Those dahlias were grown by his sister. When those tubers were planted back in the spring, none of us imagined the flowers they yielded would, months later, be set on top of his grave. I remember standing at the cemetery that hot October morning under a dogwood tree and watching the rest of the friends and family lay their dahlia on the grave. The dogwood was turning the most beautiful red. Each leaf seemed to be on fire, hailing the passing of time, the rhythm of seasons. And that's just how life works, isn't it? The beautiful mixed with icy edges, and the frost mixed with touches of beauty. The grave, draped with dahlias.  And time, marching on, even when you feel like it should stop.


On Christmas Eve we held candles high sand sang these words... "A thrill of hope, the weary world rejoices. For yonder breaks, a new and glorious morn."

The world can be a weary place sometimes, can't it? But in this weary world there are also moments that delight, and send a thrill that seems to thaw the frost. Sometimes we are on the merry-go-round, and sometimes it is time to get off. And while the merry-go-round is thrilling, there are moments where the tiny green faces of poppy seedlings can be just as delightful, poking their heads up after the frost, giving you that little nudge you need to keep moving on.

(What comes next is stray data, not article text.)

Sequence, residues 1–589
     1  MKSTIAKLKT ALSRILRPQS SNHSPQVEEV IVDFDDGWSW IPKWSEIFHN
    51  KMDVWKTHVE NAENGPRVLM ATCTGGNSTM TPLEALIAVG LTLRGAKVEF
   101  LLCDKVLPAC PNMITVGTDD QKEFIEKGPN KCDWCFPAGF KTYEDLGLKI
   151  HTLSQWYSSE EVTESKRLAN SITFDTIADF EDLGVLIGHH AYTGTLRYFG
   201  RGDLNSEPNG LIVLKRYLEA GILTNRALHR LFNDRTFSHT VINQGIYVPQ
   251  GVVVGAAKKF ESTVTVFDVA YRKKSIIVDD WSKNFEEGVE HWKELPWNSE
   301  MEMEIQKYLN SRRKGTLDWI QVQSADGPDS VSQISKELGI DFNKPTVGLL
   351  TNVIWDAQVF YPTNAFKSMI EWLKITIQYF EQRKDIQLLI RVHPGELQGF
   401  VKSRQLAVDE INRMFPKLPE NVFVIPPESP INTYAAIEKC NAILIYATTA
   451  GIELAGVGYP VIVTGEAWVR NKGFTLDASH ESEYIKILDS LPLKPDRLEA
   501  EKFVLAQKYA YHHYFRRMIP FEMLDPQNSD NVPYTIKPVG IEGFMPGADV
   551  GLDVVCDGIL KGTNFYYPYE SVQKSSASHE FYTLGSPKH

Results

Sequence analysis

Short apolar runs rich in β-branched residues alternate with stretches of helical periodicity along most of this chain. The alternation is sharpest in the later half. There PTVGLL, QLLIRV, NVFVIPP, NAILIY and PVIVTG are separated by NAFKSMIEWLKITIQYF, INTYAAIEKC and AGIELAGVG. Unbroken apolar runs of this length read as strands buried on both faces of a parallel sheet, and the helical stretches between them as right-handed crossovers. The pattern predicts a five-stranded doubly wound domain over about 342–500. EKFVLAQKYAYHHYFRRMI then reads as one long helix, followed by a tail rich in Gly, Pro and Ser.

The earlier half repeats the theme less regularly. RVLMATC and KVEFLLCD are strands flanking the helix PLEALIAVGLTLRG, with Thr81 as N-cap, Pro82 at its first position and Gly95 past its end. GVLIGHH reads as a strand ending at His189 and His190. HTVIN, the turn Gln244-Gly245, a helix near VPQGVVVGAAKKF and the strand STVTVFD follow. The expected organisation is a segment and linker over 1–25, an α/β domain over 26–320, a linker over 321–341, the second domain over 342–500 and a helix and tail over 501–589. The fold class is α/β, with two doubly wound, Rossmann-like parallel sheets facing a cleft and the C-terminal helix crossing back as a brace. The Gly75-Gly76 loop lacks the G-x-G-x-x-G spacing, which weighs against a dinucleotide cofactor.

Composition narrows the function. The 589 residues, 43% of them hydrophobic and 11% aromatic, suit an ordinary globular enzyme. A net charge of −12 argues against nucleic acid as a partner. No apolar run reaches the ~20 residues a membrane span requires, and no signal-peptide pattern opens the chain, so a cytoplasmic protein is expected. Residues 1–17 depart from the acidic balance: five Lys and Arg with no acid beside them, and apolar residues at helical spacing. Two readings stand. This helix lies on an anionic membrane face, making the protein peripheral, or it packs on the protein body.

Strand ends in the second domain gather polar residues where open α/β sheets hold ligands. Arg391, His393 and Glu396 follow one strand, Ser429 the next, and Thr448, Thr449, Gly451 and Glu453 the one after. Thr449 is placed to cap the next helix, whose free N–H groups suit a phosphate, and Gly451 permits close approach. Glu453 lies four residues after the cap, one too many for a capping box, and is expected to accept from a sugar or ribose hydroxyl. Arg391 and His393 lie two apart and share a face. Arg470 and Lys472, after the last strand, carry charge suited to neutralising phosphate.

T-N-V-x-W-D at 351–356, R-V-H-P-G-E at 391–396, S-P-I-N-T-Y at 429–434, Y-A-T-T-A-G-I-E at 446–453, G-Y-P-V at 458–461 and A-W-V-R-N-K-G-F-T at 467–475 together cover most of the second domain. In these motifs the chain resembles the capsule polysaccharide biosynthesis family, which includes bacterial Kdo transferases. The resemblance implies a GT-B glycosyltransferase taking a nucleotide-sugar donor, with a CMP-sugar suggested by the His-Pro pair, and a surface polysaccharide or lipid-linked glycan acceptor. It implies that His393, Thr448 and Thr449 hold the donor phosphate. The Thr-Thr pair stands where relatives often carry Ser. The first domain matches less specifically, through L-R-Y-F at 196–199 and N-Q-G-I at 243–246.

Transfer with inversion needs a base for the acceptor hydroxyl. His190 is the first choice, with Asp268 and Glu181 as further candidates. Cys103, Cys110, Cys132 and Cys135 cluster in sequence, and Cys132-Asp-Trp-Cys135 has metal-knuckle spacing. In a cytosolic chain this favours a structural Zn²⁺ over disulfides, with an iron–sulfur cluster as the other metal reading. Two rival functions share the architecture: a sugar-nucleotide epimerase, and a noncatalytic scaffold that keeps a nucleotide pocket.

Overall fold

So 2018, you might not be the British merry-go-round, but I have a feeling you will be just as delightful in your own special way. So, heres to a new year, filled with frost and poppies, and offices tucked into old herbariums.

And, let us rejoice, in this weary and delightful world.


PS-- I regret to inform you that the poppy seedlings have died. I wish I could have done a post this spring with inspiring pictures of poppies glimmering in the sunlight. But I forgot to move them inside and it dropped to 12 degrees here in ole Alabama, which was emotionally distressing for us southerners. But never fear, I have more stolen seeds (praise hands)

But you know what they say... If at first you don't set seed, SOW SOW AGAIN!!!!


(I am sorry I get carried away in all the poppy talk)